Bring the Fun Back to Bedtime
You can stop laughing now!! I know lots of people begrudge bedtime if they have a child that struggles with the bedtime ritual. I have had people flat out laugh at me when I have suggested making bedtime fun. How can you do that if your child resists the whole idea of bedtime? It is possible.
A few months ago, our son went through a period where he tested every single “trick” and tool I have to encourage an increased night sleep. I was beginning to feel like the biggest hypocrite out there. I then discovered the magic combination that worked for us.
The first obstacle that I needed to overcome was the complete distaste I was getting for bedtime. I was not enjoying it at all. A few weeks after we transitioned our little man into his big boy bed he began refusing to stay in his bed. He would run around trying to get our attention. When that did not work then the tears and tantrums began. This made bedtime later than he could tolerate which meant several night wakings. Yikes, that was not in my personal sleep plan!
Let the brainstorming begin! We began a family hug ritual. After Daddy finished the bath routine they would hide on Mommy. I then go on the hunt for the boys and we end with an awesome family hug ritual. We were all happy and willing to participate in the bedtime routine.
The second obstacle I had to overcome was the adults being in control of the routine. Our son is like most 3-year-olds and he wants to be independent. “I do it myself!!” So we began the next change in our routine. After family hugs, Daddy reads 3 stories and then the little man climbs into bed and “reads” his own stories. Then he either drifts off to sleep on his own before picking up a book or he will look at a book until we turn off the light a few minutes later.
Now bedtime is a blissful time in our house and the night wakings have diminished immensely. Let’s be honest, the little guy is potty trained so there are times when he needs to make a trip to the “bathroom”. He waits in his bed until his clock goes off in the morning. He has a toddler clock that shines when he can get out of bed. He then comes into our room and says “Morning!” I actually wake up refreshed and ready to start my day.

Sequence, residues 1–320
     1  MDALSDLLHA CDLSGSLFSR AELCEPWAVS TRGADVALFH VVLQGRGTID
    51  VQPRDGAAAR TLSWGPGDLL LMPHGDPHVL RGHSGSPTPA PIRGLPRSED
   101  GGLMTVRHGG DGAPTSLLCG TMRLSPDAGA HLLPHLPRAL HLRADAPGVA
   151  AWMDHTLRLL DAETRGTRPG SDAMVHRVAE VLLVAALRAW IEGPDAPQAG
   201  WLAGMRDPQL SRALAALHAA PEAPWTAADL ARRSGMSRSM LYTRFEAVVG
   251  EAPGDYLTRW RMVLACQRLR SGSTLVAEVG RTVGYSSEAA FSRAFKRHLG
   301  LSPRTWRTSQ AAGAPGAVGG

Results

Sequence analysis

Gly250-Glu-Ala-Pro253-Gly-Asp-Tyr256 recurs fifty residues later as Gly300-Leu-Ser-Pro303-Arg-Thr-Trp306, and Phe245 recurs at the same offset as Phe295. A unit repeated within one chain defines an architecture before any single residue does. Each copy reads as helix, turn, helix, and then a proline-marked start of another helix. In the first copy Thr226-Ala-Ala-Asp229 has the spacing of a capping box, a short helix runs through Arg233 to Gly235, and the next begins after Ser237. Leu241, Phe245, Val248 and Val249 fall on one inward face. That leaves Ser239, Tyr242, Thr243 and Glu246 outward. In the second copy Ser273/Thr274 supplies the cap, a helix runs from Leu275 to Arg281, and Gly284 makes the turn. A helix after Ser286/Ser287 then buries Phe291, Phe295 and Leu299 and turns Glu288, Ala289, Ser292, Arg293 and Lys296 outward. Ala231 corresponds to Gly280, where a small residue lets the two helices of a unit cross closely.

You may still think that this is not possible in your home. I strongly believe it is. Here are a few things that may help improve bedtime at your house as well.
- The actual bedtime is not negotiable but parts of the routine are negotiable. You can offer choices throughout the routine. For example: what pajamas they will wear; what books will be read; if they will walk or hop into the bed; or they can pick a special activity.
- Bedtime should be clear and consistent. A visual chart can help remind your child of the steps that are involved without you having to nag about it. If the bedtime ritual is changing your child will be confused. The added bonus to a consistent bedtime routine is that it helps your child naturally increase the bodies natural production of melatonin which helps them sleep!!
- Bedtime routines need to be long enough to prepare your child for sleep, but not too long or it will cause them to be overtired. The ideal length for bedtime is 20 to 45 minutes maximum.
- Even Toddlers can understand some clocks. There are many toddler clocks on the market. Personally, we have a Gro-Clock and our little man loves it. We turn it to the lowest setting for brightness at night but when it turns on in the morning the sun is bright and he knows he can get out of bed.
Here’s hoping you can bring some enjoyment back to bedtime with your young child. Hang in there! With persistence and consistency, things will improve.